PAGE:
If ever there was an example of how travel has broadened Charlie Musselwhite's horizons as a bluesman, this is it. Divided into three distinct sections, "Continental Drifter" finds the harmonica master crossing cultural and stylistic boundaries in search of comfort and kindred spirits.

The album opens in a down-home, down-and-out vein, with the veteran bluesman working with his road band. Obsessed with a pair of doomed relationships, Musselwhite goes up against one woman who has mastered the art of just saying "No," and another who has acquired a bad habit of haunting his days and nights.

"Little Star," a blues-tinged ballad by jazz guitarist Barney Kessel links these and other band tracks to four tunes Musselwhite recorded with Cuban bandleader Eliades Ochoa and his ensemble, Cuarteto Patria. The tunes here are laced with Musselwhite's always expressive harp, alternately sung in English and Spanish, and colorfully accented by acoustic guitars and polyrhythmic percussion. Later, Musselwhite heads home, to the Delta, evoking his own roots with a couple of stark solo performances on which he plays harmonica and either acoustic or electric guitar.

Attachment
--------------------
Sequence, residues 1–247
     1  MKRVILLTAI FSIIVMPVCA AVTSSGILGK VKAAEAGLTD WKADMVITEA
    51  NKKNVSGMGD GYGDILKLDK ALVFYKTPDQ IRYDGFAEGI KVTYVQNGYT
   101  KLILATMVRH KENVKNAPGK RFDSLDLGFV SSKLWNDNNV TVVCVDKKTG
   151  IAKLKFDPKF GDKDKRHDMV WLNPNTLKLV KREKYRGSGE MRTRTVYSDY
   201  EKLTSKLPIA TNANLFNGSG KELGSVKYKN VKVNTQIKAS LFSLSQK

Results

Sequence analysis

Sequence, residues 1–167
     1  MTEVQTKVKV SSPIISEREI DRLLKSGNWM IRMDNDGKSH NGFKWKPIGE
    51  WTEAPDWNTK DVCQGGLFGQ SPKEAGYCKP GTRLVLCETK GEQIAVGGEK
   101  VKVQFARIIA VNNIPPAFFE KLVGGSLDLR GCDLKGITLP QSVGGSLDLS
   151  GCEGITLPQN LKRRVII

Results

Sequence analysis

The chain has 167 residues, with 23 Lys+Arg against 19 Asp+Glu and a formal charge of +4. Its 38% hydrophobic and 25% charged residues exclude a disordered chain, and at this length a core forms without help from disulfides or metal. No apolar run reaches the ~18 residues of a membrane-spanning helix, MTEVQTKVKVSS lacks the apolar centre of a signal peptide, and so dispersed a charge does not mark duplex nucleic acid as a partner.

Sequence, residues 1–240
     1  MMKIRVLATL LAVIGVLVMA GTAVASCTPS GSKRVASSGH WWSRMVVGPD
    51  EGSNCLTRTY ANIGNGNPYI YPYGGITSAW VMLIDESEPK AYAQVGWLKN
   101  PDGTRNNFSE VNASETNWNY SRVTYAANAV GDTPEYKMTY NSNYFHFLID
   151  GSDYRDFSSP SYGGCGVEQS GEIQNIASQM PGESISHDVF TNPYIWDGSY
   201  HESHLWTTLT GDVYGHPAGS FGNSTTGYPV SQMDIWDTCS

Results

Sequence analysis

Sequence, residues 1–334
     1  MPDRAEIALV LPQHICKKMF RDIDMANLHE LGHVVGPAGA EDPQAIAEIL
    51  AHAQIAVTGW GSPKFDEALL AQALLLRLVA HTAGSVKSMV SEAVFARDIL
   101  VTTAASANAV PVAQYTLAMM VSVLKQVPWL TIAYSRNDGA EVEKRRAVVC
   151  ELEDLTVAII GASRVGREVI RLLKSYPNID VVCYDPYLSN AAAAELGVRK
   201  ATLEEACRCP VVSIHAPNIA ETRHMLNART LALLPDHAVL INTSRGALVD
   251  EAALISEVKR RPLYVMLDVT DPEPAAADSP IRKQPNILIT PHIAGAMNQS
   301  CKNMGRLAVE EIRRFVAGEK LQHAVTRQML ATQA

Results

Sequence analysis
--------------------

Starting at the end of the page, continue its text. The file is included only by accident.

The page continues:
Most listeners will probably favor one section of this blues journey over the others, preferring, perhaps, the familiar routes through the Deep South to the Latin excursions. Yet nearly every tune on the album projects a thoroughly seasoned soulfulness. Musselwhite, apparently, never leaves home without it.

Appearing Friday at Lewie's with Flatfoot Sam & the Educated Fools. * To hear a free Sound Bite from Charlie Musselwhite, call Post-Haste at 202/334-9000 and press 8123. (Prince William residents, call 690-4110.)

CAPTION: Charlie Musselwhite, a harmonica master crossing boundaries.